• Do not ignore correspondence. Business owners often say they didn’t receive legal notices and that the news their company is in liquidation is a complete surprise. Unfortunately, the reason behind this is normally that the business owner has been ignoring all correspondence. Just because the business owner ignores the letters doesn't mean the legal action will go away.
  • Remember to check your registered office. This is another reason why business owners are surprised by liquidation. Make sure you are actually picking up the mail from your registered office. This is particularly important if your business has recently moved premises or uses a virtual office. If you don’t collect your mail, you could have a nasty shock when your company is liquidated and the liquidator turns up at your trading address. Legally notices must be served at the registered office and that means simply posting it through the door. It does not matter whether anyone was there to pick it up.
  • Don’t rely on the court unfreezing your bank accounts. Something we often hear is: “My bank says HMRC has frozen my bank account.” The reality is that HMRC has petitioned the court for liquidation, the court has advertised the petition in the Edinburgh Gazette and your bank has decided to freeze your account. Your account will not be unfrozen unless the liquidation petition is withdrawn.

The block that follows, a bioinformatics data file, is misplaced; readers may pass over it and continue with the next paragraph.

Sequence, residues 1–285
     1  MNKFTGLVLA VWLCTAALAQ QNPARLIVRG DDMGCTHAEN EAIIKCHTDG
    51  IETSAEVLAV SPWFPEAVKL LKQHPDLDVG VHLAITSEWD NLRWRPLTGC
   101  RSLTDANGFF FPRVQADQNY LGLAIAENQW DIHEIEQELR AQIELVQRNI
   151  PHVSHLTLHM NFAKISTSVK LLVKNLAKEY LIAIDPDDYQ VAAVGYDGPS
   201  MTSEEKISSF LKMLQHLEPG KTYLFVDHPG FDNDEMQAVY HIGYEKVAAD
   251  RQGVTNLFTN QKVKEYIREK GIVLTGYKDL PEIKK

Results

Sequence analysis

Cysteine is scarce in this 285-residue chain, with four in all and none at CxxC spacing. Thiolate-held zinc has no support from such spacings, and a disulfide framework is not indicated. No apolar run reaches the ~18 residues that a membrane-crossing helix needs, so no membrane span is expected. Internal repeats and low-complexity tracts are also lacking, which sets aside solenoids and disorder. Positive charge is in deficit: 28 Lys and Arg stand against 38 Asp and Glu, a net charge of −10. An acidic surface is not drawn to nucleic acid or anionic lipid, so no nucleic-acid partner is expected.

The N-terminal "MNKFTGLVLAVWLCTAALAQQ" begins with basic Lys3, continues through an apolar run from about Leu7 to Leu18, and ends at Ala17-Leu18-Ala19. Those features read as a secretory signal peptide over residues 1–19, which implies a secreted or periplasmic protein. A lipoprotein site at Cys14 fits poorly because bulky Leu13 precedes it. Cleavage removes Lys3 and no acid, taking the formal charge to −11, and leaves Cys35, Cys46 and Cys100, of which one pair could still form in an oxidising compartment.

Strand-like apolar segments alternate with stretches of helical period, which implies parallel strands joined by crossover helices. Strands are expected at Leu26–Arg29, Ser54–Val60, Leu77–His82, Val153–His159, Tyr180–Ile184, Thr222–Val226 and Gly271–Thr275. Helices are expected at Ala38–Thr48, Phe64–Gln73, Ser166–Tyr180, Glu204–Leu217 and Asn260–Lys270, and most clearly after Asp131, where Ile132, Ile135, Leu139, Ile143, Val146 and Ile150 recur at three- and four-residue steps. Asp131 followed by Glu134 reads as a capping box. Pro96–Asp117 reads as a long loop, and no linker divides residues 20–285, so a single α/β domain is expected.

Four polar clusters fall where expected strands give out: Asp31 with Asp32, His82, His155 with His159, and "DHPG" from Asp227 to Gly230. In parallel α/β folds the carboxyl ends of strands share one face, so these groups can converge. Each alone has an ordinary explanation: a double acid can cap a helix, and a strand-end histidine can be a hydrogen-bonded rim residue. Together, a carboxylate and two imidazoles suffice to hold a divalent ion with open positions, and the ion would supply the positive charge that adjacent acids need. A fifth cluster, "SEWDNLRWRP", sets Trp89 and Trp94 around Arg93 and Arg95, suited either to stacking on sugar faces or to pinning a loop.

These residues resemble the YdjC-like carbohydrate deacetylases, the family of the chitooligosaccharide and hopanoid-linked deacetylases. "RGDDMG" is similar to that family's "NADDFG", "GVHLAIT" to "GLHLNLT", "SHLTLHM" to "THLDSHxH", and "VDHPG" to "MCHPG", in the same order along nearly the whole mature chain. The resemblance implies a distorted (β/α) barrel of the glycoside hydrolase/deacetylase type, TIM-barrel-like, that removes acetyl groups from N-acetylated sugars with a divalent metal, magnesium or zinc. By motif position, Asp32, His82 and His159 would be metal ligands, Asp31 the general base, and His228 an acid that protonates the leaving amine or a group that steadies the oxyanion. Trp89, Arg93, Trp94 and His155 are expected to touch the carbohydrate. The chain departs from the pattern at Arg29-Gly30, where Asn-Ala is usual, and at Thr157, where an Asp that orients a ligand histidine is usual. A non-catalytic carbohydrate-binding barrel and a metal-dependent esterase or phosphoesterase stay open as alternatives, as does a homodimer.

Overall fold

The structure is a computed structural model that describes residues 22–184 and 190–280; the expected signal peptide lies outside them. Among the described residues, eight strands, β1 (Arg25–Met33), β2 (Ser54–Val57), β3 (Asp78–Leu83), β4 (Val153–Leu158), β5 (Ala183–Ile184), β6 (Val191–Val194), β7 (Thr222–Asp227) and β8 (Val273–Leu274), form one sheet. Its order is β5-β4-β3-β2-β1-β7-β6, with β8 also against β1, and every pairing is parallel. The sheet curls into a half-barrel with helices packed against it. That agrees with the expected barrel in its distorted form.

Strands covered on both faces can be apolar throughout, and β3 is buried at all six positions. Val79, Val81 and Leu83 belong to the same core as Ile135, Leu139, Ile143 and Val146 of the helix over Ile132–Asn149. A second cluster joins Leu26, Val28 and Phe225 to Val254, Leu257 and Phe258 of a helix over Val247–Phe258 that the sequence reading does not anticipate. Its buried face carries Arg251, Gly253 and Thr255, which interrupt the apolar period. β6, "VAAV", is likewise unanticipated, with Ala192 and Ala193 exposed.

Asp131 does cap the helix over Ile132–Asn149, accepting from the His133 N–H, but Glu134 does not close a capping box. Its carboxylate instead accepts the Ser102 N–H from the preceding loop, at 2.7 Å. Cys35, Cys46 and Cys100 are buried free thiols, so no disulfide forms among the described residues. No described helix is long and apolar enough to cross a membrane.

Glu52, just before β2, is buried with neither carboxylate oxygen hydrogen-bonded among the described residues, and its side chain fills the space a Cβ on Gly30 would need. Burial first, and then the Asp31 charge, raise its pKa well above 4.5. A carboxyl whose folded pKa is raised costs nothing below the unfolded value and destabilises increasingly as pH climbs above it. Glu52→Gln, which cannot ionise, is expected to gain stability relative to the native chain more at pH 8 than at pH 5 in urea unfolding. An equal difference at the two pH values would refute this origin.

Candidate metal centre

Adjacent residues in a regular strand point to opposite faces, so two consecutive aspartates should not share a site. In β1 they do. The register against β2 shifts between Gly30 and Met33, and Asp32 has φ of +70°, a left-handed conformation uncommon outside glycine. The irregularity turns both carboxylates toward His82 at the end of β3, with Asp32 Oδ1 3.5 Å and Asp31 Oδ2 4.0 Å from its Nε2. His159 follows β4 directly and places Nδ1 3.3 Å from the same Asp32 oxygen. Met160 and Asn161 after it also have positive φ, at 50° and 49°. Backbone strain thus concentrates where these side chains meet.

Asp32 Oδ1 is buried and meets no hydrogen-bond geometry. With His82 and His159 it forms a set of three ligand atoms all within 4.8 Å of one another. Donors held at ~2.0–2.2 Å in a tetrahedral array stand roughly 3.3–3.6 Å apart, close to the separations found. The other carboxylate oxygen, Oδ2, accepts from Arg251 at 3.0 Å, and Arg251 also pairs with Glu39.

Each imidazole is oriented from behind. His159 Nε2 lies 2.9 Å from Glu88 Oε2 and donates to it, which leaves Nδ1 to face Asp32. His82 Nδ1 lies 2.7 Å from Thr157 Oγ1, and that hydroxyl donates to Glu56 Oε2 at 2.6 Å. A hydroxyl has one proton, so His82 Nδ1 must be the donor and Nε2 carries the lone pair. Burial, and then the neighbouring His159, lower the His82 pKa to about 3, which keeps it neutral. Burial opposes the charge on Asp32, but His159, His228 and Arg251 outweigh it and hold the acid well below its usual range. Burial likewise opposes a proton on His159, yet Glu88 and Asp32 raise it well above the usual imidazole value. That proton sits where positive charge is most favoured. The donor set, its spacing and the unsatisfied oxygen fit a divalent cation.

• Ensure you honour your repayment plan. If you have managed to negotiate a repayment plan with HMRC, you must stick to it in full. If you miss a payment, it can very quickly lead to liquidation with no further dialogue with HMRC. Additionally, if you haven’t completed a repayment plan for last year’s tax and can’t pay this year’s tax bill, it is highly unlikely HMRC will entertain a request for a second repayment plan and will quickly move for liquidation.